Tracking Personal Finances using Python šŸ

ā‚¬12.99
ā‚¬12.99
Siddhant Goel
2 ratings

"I really liked the content and was able to sift through it and go from 0 to a working workflow with 3 sources and 3 months of data in 1 day." - Louis Guitoon


"I was just getting into Beancount to help organize my finances, and the book was an invaluable guide. I highly recommend it - super useful!" - Benjamin Ward


"Siddhant's love of plaintext accounting shows through in the writing. Iā€™m a regular beancount user, and his book still taught me new techniques for tracking my finances easily." - Michael Lynch




In this e-book, we will build your personalized "multi-banking" application powered entirely using Python and a bunch of plain text files.

We'll take Beancount as the starting point and build an application that will act as the single point of contact for your entire financial history, and,

  1. store all the data from all your bank accounts strictly on your machine

  2. act as the first point of contact for most of your financial questions (eg. "How much did I make from that consulting work last month?" or "What did I spend on that vacation last year?")

  3. import new financial transactions from your bank accounts on a continuous basis

  4. use customized tools to interact with your financial ledger, analyze your past financial behavior, show your spending patterns, income source, current liabilities, and more!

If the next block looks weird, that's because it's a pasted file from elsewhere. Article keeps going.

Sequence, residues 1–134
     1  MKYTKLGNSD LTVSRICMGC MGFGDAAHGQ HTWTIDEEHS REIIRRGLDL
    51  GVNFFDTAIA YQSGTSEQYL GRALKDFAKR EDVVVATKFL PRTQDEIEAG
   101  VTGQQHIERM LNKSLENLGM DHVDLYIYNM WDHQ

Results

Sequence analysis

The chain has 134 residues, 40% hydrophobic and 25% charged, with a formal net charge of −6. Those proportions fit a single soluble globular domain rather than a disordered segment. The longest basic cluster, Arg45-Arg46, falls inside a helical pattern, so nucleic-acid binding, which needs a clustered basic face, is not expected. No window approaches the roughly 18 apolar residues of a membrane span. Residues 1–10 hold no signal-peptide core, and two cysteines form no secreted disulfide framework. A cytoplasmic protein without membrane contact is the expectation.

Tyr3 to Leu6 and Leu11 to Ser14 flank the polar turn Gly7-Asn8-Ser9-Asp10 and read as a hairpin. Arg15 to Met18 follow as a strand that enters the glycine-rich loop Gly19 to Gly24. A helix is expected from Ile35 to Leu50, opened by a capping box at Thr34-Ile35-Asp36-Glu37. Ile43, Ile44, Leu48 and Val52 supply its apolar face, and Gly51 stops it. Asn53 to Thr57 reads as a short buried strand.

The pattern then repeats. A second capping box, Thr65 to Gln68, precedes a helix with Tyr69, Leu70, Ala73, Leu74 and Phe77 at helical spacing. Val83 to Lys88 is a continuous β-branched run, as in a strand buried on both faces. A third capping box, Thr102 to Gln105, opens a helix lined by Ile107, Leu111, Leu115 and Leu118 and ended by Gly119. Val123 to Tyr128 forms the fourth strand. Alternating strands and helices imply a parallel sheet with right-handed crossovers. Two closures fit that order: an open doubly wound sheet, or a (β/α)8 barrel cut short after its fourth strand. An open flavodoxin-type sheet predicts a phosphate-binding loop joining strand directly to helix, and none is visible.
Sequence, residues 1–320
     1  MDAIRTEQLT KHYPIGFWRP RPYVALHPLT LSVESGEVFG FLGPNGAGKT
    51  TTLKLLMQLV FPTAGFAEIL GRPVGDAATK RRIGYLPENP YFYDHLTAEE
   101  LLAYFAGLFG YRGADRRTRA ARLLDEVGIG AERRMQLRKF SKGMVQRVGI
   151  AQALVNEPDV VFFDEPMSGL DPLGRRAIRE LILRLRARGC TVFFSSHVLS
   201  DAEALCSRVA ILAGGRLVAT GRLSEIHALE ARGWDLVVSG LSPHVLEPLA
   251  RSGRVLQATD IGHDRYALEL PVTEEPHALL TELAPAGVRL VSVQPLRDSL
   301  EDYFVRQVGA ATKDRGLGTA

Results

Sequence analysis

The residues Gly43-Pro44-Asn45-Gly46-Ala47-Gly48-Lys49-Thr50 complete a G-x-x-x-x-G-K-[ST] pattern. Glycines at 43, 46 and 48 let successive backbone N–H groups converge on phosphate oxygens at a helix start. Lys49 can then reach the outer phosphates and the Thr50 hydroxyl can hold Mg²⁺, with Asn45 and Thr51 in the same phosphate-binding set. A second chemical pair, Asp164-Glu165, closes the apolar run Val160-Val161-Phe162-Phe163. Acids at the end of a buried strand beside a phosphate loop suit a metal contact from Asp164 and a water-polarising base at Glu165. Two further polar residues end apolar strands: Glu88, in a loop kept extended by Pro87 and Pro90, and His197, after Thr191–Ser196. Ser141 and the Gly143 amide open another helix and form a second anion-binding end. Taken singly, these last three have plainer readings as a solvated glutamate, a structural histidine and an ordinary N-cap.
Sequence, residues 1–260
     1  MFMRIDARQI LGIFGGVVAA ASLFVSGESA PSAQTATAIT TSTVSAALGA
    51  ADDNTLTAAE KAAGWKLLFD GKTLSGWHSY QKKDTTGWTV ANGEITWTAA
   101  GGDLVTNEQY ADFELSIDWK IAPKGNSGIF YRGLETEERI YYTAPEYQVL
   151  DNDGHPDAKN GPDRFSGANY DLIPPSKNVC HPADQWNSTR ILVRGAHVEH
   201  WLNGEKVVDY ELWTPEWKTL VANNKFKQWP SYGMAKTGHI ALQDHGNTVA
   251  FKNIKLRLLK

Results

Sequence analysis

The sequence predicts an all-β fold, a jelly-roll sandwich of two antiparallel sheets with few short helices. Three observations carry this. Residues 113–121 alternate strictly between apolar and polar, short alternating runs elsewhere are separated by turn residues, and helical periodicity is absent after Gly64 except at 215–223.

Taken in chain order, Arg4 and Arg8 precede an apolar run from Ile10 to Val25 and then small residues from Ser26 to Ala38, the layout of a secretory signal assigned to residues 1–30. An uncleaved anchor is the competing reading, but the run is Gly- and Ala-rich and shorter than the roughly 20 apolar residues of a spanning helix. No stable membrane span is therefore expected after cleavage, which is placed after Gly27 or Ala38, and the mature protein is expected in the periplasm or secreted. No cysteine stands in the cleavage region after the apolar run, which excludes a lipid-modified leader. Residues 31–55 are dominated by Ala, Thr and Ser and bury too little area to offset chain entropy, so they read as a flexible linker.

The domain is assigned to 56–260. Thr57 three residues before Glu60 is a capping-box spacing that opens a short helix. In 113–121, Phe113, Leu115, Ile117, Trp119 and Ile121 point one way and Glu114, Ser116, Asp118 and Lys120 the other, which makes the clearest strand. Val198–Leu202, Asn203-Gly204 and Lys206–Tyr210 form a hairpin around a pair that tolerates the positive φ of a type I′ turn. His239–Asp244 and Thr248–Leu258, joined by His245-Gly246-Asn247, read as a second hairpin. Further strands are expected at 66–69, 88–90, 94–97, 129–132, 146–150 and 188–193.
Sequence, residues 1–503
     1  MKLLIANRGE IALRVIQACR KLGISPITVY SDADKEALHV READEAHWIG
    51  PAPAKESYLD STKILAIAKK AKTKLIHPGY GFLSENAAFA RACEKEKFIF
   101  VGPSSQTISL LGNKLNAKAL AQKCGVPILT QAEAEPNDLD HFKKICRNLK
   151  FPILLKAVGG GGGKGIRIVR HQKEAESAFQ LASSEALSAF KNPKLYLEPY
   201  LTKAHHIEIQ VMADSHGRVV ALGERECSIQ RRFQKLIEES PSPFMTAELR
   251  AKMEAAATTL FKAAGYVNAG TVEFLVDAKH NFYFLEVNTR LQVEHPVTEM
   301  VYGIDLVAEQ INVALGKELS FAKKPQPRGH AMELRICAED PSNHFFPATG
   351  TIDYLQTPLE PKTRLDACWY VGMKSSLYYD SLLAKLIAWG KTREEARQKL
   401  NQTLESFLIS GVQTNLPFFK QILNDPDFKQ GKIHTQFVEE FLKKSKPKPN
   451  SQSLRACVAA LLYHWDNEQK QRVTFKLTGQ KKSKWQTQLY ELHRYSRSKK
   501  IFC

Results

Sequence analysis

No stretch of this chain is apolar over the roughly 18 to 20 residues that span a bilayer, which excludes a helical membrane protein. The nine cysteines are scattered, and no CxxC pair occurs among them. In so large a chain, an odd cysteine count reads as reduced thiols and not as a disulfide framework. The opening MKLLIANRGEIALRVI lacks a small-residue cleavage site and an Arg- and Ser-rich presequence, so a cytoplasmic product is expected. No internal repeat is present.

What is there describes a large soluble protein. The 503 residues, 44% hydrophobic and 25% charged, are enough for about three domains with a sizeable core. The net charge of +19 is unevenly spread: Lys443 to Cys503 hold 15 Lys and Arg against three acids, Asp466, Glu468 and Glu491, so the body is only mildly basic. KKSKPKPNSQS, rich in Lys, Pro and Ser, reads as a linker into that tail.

The final result will be a Git repository on your machine where you can view & edit everything related to your money.




Table of Contents

  1. Introductions

    1. Background

    2. Requirements

  2. Plain Text Accounting

    1. Accounting

    2. Plain Text Accounting

    3. Double Entry Bookkeeping

    4. Conclusion

  3. Beancount

    1. Workflow

    2. Directory Structure

    3. Beancount File Format

    4. Beancout Tools

    5. Conclusion

  4. Workflow

    1. Step 0: Setup

    2. Step 1: Getting transactions

    3. Step 2: Converting transactions

    4. Step 3: Adding transactions

    5. Step 4: Archiving transactions

    6. Conclusion

  5. Testing

    1. Introduction

    2. Regression testing using Beancount

    3. Writing ImporterTestCase

    4. Conclusion

  6. Reporting

    1. Introduction

    2. bean-report

    3. bean-web

    4. bean-query

    5. fava

  7. Closing Thoughts

I want this!

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